Setting goals can help you decide how best to use your time and resources when you retire. Without a goal in mind, you might do it You start to feel lost After several months of not having a schedule or feeling routine. Setting goals you hope to achieve can help you stay on track with your retirement planning. You will have something to look forward to, and be ready to enjoy new opportunities in retirement.
Some common retirement goals include:
- Create a retirement budget.
- Plan an important event.
- Prioritize wellness.
- Discover new interests.
- Rethink where you live.
- leave a legacy.
1. Determine the retirement budget
Many individuals and couples feel comfortable knowing how much they will need each month in retirement. “Having a vision for the future helps drive our behavior to support our current goals,” says Kurt Heinemann, financial planner at Vision Casting Financial Planning in Spokane, Washington. The starting point includes thinking about what you want to do and when you want to retire. You can then talk to a counselor to find out how much you need to put aside. “Adding numerical values to goals makes them tangible and achievable,” says Heinemann. If some of your first lifestyle choices don’t work for you retirement budgetyou can reformulate the factors to reduce costs and live within your means.
2. Planning a landmark event
Arrangements are often made for a gathering to begin retirement. Some individuals take the concept even further and map out an experience to mark the transition from work to retirement. “One of the common goals that former retirees say they want in their retirement is a luxury trip that takes place in the year or year following retirement,” says Jim Etzler, partner and wealth advisor at HCM Wealth Advisors in Cincinnati, Ohio. “The benefit is essentially intangible in that it gives the individual something to constantly look forward to.”
A luxurious and freedom-filled event could mean different things to different people. Some people may look to stay for three months Europe. Others can rent an RV for a month and travel within their state. Retirees may choose to drive cross-country and travel at their own pace. Regardless of the choice, financial factors must be weighed and accounted for in advance.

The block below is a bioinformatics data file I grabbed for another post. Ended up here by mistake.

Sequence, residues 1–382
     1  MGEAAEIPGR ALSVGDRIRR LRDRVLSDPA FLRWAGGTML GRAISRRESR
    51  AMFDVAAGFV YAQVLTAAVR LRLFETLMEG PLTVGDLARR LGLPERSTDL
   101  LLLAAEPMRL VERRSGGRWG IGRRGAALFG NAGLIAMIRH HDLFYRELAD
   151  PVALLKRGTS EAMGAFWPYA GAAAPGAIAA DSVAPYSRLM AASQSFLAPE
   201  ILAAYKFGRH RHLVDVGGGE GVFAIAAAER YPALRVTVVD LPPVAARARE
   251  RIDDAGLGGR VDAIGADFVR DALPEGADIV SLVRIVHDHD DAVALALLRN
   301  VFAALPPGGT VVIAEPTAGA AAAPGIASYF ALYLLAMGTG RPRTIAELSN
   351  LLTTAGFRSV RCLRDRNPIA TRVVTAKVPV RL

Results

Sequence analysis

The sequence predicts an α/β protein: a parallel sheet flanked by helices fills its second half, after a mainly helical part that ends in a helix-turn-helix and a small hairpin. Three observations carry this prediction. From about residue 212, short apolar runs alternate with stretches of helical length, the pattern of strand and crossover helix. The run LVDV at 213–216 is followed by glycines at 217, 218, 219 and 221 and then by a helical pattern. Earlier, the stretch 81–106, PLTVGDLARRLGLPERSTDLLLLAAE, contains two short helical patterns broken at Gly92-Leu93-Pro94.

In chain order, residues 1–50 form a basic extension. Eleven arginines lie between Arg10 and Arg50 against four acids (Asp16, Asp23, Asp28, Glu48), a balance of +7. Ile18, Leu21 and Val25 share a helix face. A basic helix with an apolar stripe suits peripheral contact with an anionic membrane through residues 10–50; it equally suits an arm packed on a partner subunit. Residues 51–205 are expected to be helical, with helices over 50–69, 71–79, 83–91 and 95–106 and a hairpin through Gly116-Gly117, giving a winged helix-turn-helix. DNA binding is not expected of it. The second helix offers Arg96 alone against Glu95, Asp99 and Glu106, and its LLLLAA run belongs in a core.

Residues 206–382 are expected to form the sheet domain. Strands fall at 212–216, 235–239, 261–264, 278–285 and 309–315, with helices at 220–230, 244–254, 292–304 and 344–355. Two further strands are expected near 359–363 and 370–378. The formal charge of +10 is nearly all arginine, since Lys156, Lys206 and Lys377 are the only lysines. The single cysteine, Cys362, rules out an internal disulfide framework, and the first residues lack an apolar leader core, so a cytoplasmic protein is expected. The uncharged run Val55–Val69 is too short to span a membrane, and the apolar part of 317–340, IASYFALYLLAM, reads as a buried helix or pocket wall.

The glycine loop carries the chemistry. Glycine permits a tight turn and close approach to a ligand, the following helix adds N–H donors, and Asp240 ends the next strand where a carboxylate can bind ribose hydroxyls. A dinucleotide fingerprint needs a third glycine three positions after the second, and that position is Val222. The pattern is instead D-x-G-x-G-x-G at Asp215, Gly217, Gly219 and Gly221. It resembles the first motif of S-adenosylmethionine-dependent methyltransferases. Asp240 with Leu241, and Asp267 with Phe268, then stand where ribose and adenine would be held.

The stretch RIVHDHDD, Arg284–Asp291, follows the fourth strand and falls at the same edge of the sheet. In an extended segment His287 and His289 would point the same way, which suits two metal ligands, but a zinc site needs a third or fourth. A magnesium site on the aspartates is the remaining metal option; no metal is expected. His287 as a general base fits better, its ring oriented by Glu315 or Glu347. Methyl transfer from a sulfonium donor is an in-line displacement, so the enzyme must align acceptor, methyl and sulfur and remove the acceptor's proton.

3. Prioritize wellness
Limiting your work hours and diet gives you the opportunity to focus on fitness. “Our goal is to live as well as possible for as long as possible, so we focus on maximizing our health,” says Ed Staton, co-author of Reimagining Retirement. He and his wife Cynthia eat a balanced and nutritious diet, exercise for an hour each day and get about nine hours of sleep each night. They are also actively looking for ways to avoid stress. “Immediate benefits include no prescribed medications, and feeling happy most days,” Staton says. “In the long term, we strive to avoid spending hundreds of thousands of dollars that Americans are expected to need for healthcare in old age.”
4. Discover new interests
Whether it’s RV travel, gardening clubs, art lessons or learning a new language, workers often dream of doing something different in retirement. Anticipation can act as a motivation to save each month. It can also help retirees stay positive and feel connected. To avoid committing to a large purchase or a tight schedule that you may want to change later, Try activities You think before you step away from the workplace. For example, you might do volunteer work at a large center, and find that while you enjoy helping out, you prefer being in an environment with children, such as a charity dedicated to supporting families.
5. Rethink housing
For many people, the idea of paying off a mortgage by retirement is an attractive one. Some promising retirees shrink to A smaller house It needs less maintenance. However, other retirees are buying a runner-up in a coveted place. “This might include having a home in a northern and southern climate so they can travel back and forth as they please,” Etzler says. It could also be to buy a vacation home, such as a cabin on a lake, that is rented out for the times when they are not there. “Often the goal is to get somewhere, both physically and mentally, where they feel comfortable and able to enjoy the after-work years,” Etzler says.
6. Leave a legacy
If you have family members including children and grandchildren, you may be interested in passing on a portion of your savings to future generations. Some retirees are motivated by certain reasons and want to leave an amount to Charity. “How your loved ones remember you and your impact on the world becomes important later in life,” says Noah Schwab, financial planner at Stewardship Concepts Financial Services in Spokane, Washington. To prepare a legacy, you can consult your financial advisor to discuss estate planning. “Using strategies like the Donor Advice Fund can allow retirees to save on taxes and simultaneously achieve their charitable goals,” Schwab says.